Posted November 17, 2015 by Jarrod Mawson in Feature

Interview with Mary DeMarle, Deus Ex: Mankind Divided – PAX Aus 2015

Deus Ex: Human Revolution could be considered one of the biggest surprises of the last generation. At least, it was one of mine. A decently faithful revival of an iconic series most had given up on, and both a critical and commercial success. Enough to warrant a sequel early next year in Deus Ex: Mankind Divided.

As we all patiently wait for the sequel, I had the opportunity to sit down with Mary DeMarle, lead writing of both Human Revolution and Mankind Divided, to discuss the ins-and-outs of writing multiple narrative paths and moral ambiguity in a massive action role playing game. Read on!

 deus ex universe

Jarrod Mawson: Starting off, Human Revolution was deeply rooted in a “cyber renaissance”. How is Mankind Divided extrapolating on and developing those themes?

Mary DeMarle: Well, with the cyber renaissance in Human Revolution it was based on the fact that people were mechanically augmented and it was the dawning of a new age. Transhumanism, the golden age. Because of the way Human Revolution ends, the golden age is over. And the world is starting to fall into more of a chaotic, terror ridden time. So there are still vestiges of the cyber renaissance that are in the game, but we’re starting to see a lot more of what we’re calling corporate feudalism. And it’s kind of a return to the colder, darker…

Jarrod: A bit like a fallout, an end to the wondrousness…

Mary: Yes! And now it’s all becoming brutal, this is reality now.

Jarrod: So are these the core themes being explored in Mankind Divided?

Mary: Yeah, certainly I think from, and I’m not going to speak too much on it because I’m not the art expert, but thematically ‘art wise’ there are going from the cyber renaissance towards the corporate feudalism kind of thing and we’re starting to see more of the blue overtones of the original game coming through. Thematically, story wise, we’re still always looking at transhumanism and the central question of “What does it mean to be human?”. In Human Revolution it was kinda looking at “Why do we do the things that we do?”, and it was all about control, everybody needs to control something in their life. But now it’s looking more in terms of “What does it mean to be human?”. And when the world is starting to fall apart there’s a lot of chaos, when there’s opportunists coming to the floor to take advantage of things, how do we react to that? How do we build on that? Do we handle it more with our emotions, or do we handle it more with our reason? How do we find balance in a world that’s spinning out of control?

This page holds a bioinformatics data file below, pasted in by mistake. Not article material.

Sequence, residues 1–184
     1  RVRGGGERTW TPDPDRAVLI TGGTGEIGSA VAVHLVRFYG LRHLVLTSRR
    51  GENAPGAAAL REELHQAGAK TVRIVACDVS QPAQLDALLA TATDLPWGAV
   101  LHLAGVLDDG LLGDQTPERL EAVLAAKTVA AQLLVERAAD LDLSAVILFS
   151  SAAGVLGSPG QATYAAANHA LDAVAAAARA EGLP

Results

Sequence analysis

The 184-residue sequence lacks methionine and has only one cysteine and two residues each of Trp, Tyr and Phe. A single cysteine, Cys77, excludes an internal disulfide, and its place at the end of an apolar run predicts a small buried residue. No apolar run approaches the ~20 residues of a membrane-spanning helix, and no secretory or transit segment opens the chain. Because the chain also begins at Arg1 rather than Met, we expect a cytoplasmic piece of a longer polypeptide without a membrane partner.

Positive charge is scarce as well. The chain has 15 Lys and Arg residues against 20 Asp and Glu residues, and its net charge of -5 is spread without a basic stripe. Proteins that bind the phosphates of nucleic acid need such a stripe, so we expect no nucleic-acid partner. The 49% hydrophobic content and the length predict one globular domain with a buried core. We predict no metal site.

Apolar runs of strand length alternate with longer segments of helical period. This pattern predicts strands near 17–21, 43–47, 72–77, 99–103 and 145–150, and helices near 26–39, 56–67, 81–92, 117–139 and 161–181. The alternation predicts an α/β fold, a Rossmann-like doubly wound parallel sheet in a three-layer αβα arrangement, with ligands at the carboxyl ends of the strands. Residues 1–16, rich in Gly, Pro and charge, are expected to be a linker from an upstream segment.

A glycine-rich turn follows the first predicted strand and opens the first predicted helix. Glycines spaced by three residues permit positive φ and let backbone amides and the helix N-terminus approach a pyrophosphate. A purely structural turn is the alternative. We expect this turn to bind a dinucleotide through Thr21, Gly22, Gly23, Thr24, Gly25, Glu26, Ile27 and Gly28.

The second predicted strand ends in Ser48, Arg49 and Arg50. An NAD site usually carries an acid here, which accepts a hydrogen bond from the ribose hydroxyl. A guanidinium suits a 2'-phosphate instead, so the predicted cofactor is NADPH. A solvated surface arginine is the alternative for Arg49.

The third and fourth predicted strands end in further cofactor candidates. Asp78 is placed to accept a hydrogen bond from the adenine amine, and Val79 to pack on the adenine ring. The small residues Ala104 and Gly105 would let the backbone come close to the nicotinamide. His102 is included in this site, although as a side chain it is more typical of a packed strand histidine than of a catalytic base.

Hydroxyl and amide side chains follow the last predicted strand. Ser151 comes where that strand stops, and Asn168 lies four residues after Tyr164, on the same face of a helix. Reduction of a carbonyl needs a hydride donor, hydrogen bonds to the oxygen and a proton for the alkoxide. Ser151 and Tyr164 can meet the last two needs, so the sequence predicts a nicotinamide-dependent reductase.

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Jarrod: I find the concept of transhumanism in Deus Ex to be really interesting, because the series deals with so many other more…pulpy things. Like the Illumanti. But transhumanism is a very real thing. Is that something you’re personally interested in?

Mary: I come from a very scientific family. My father, he was…actually he was a future forecaster. He was always looking at where technology was going. Back when VCRs first came out he predicted very accurately how quickly they would penetrate the market. So I come from that kind of background and science and stuff is really interesting to me.

Jarrod: I suppose something like Deus Ex requires plenty of research.

Mary: Yeah, exactly. When we were working on Human Revolution it was really interesting to pursue all that kind of transhumanism research.

Jarrod: One of my favourite details in Human Revolution are the pills Adam is taking…

Mary: Oh, the neuropozyne?

Jarrod: Yeah! The actual chemical composition and reaction it has on your body is accurate, in terms of helping the body adapt to transplants. I thought “these guys know their shit!”

Mary: We were lucky, because we worked with a science expert who could help us with those details. That being said, on the question, I have to admit being a little bit wary of new technology. I always hate it when my computer breaks down, because I’m not the techy who can fix it.

Jarrod: I suppose that’s reliance on a tool, but when it crashes your power is stripped away.

Mary: You feel vulnerable. And those are interesting things to explore when you’re talking about merging man and machine.

Jarrod: Is that something Mankind Divided will look at?

Mary: There may be touches, but we’re really more dealing with the segregation, and the kind of chaos from it.

Jarrod: With something like Deus Ex you have so much narrative written, constructed, like Adam Jensen as a character who has relationships and is taken through scenarios. But Deus Ex, as a video game, is a series built where there’s a lot agency in how you act and behave. As a writer is it difficult to reconcile constructing narrative that is deeply focused, with the reality that players can do whatever they want?

Mary: There’s definitely challenges inherent in it. When we created the character of Adam Jensen…within the game industry there’s always the debate “Should the main hero be an avatar, blank slate that the player decides? Or should they be a fully fledged character who is your friend, that you’re guiding on a journey?” And for us, when we started, we looked at that and we said we’d like to see if we could do a little bit of both. We’d like to have a character who has a strong background, strong character traits, strong history, strong personality. Somewhat rooted in the world. And yet has something happen to them in the beginning, and when that happens they become a blank slate and it’s the player who gets to guide them. So we can use the personality traits that we decided for him to keep him on a focus, but allow him to do whatever the hell the player wants. And you can take that character and you can make him a serial killer.